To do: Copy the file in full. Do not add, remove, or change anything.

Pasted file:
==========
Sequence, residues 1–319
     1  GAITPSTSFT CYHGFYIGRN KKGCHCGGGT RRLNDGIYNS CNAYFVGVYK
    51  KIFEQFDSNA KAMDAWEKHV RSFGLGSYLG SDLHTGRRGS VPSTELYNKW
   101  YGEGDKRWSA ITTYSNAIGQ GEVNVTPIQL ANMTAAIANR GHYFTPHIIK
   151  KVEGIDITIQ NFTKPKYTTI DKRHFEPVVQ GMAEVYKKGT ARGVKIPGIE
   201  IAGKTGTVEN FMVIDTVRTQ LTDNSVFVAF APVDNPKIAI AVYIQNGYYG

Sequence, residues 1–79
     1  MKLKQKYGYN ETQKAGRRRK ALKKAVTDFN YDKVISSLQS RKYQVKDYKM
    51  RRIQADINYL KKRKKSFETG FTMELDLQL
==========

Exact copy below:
Sequence, residues 1–319
     1  GAITPSTSFT CYHGFYIGRN KKGCHCGGGT RRLNDGIYNS CNAYFVGVYK
    51  KIFEQFDSNA KAMDAWEKHV RSFGLGSYLG SDLHTGRRGS VPSTELYNKW
   101  YGEGDKRWSA ITTYSNAIGQ GEVNVTPIQL ANMTAAIANR GHYFTPHIIK
   151  KVEGIDITIQ NFTKPKYTTI DKRHFEPVVQ GMAEVYKKGT ARGVKIPGIE
   201  IAGKTGTVEN FMVIDTVRTQ LTDNSVFVAF APVDNPKIAI AVYIQNGYYG

Sequence, residues 1–79
     1  MKLKQKYGYN ETQKAGRRRK ALKKAVTDFN YDKVISSLQS RKYQVKDYKM
    51  RRIQADINYL KKRKKSFETG FTMELDLQL